Chef whips up memoir
Every night after work at the Old Library Cafe in Fairlie, chef Jon Hellmrich would sit at his kitchen table writing about his 40 year career, laying his soul bare.
He would finish at midnight and like everyone else after work, needed time to unwind, so would write till two, three, four in the morning.
He wrote it all out longhand in 10 exercise books and the result - six years after he started - is his newly minted book, Take One Fresh Chef.
The book chronicles his life with wife Stephanie and children, Marcus and Lain, working in restaurants in nine countries before settling in Fairlie where they have lived for the last 21 years.
The writing, he said, was the easy part. It took three years, but he spent another three years looking for a publisher, a lengthy process given a manuscript can only be sent to one publisher at a time.
After nine publishers (remembering Harry Potter received eight rejections), he had exhausted his New Zealand options so decided to self-publish through Amazon.
Boxes containing 500 copies of his book arrived in Fairlie recently and the book launch is planned for this Saturday.
It's probably a bit early to call it his magnum opus, given the success of restaurants started or revived by him and Stephanie (known to friends and family as Sue).
Besides establishing the kitchen at Noah's Hotel (latterly Rydges, by the Avon River) in 1976, where he was executive chef, he and Stephanie started award winning Tiffany's in Christchurch.
At the time it was the finest dining in Christchurch and booked up weeks ahead.
They followed that up by reviving Fairlie institution, the Rimuwhare, and opened Fairlie's Old Library Cafe which won a Hotel Association national award for service.
The book contains hospitality history, "anecdotes and downright truthfulness" along with humour and pathos Mr Hellmrich says.
He hesitated over telling some of the raw stuff, but decided he had to do it.
The book tells about the family's overseas adventures, including his time as one of the 53 chefs at Claridges of London and life in South Africa when he worked at the The President Hotel in Johannesburg.
Chefs are transitory people, he says. Once the challenges of any one position have been solved, it's time to move on to the next one.
"If you're working under a chef, you learn skills, and once you learn them you move on. The more people you work with, the more depth there is to your repertoire."
He says chefs are hard to live with.
"I don't want to sound precious but we're artists and if you throw artists into a high pressure situation ...
"I don't throw things, I'm not a scone thrower, but if someone comes in between what I'm trying to do and the end result for the customer ..."
It's not a situation where they will sit down and have a nice conversation, he says.
He also credits the culture to what used to be a male dominated profession. In fact he and Stephanie were the first in New Zealand to employ a female apprentice, in 1976. "It's the male domain mentality.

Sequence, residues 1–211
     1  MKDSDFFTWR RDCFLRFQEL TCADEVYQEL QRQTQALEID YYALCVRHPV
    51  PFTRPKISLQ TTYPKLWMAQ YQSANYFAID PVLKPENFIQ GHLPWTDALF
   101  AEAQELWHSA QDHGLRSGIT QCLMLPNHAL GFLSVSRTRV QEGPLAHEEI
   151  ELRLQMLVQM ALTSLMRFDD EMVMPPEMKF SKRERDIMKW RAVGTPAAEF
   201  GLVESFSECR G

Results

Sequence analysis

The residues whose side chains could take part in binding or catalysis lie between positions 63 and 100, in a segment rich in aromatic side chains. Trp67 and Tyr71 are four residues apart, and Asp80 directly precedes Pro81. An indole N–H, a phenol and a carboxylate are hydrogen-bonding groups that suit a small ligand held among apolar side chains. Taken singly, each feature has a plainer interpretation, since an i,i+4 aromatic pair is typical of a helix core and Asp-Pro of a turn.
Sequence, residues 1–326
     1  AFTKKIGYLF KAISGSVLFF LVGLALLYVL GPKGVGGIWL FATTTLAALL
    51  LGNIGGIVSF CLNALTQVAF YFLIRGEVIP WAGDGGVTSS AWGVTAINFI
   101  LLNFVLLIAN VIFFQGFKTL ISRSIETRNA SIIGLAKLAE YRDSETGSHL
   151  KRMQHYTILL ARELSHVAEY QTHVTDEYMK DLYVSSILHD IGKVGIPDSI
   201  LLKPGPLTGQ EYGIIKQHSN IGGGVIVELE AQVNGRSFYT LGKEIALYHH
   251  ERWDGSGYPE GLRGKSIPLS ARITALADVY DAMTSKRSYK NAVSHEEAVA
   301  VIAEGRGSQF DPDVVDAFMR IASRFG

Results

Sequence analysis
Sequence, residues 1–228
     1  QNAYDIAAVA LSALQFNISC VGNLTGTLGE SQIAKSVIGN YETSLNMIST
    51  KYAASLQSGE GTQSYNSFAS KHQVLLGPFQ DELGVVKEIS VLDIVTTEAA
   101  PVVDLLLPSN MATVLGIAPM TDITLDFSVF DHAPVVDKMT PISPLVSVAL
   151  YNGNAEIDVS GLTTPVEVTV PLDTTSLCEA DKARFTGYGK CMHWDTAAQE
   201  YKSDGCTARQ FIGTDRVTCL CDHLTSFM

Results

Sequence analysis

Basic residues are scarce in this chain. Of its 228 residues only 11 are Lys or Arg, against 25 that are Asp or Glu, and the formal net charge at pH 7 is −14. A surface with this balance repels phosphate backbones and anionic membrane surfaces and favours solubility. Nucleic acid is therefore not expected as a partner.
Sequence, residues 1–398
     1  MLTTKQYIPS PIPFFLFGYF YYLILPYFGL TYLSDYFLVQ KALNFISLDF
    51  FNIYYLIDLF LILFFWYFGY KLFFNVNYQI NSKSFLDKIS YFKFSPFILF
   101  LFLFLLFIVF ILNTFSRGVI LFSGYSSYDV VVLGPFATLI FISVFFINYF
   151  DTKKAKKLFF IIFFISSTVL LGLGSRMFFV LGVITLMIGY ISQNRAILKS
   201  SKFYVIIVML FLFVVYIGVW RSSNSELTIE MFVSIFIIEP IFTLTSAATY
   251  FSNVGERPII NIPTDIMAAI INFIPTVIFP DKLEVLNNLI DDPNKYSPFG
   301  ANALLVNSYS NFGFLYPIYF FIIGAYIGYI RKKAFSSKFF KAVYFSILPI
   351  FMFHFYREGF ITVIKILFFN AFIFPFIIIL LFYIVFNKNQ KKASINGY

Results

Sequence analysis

"And we probably drink too much, and smoke too much and party too much."
His book covers the good times and the bad times, "the best possible times and the worst possible times. It's soul baring stuff."
He had someone edit the book but found neither Stephanie nor himself recognised his voice in it anymore. He wanted it to read like a conversation over a beer.
He has dedicated it to his wife, because she not only pushed him to keep at it but, after reading the final manuscript, told him how much she'd enjoyed it, which, coming from his "mate, business partner and wife" really meant a lot to him.
There was also a transcriber in the process. Karen Waters of Fairlie and his daughter-in-law Heather Hellmrich typed and retyped drafts, and got the work on to computer.
Mr Hellmrich actually started the project as a family history for their now adult sons, before sensing there was a book in it.
One son, Lain, 34, owns High Country Carpentry while Marcus, 38, is a sparky in the United States.
Mr Hellmrich did try and persuade them to follow him into the family business, with romantic ideas based on Italian restaurants staying in the family for generations.
They were good at aspects of the trade, but "hopeless chefs," however that wouldn't have prevented them from being in the industry.
However, they wouldn't have a bar of it.
It was "no thank you very much, we've seen what it did to you, we're not interested."
The boys were with them on some of their overseas adventures, but when they got to the ages of 8 and 10, it was time to settle down in Fairlie, give them stability, and enjoy the country lifestyle.
They got stability, but Mr Hellmrich will never forget the day Marcus walked through the "total, full on" Rimuwhare kitchen at the age of 12 and said "Created another monster, eh Dad?"
However, eventually the time came when he knew he was ready to retire from the trade, and just before finishing his book, he sold the Old Library Cafe.
From his discovery of the magic of cooking as a boy scout, to meeting Stephanie at Mt Cook, from overseas adventure to family tragedy, at the end of the day, he has quite a story to tell. Not an easy thing to do, but as the tag line on his book says, Take One Fresh Chef, add 40 years in hospitality, and you have one hell of a story.
The public are invited to Mr Hellmrich's book launch from 1pm-3pm in the gardens at Warburton House, 31 Fairlie Tekapo Rd, Fairlie.
SOUTH CANTERBURY HERALD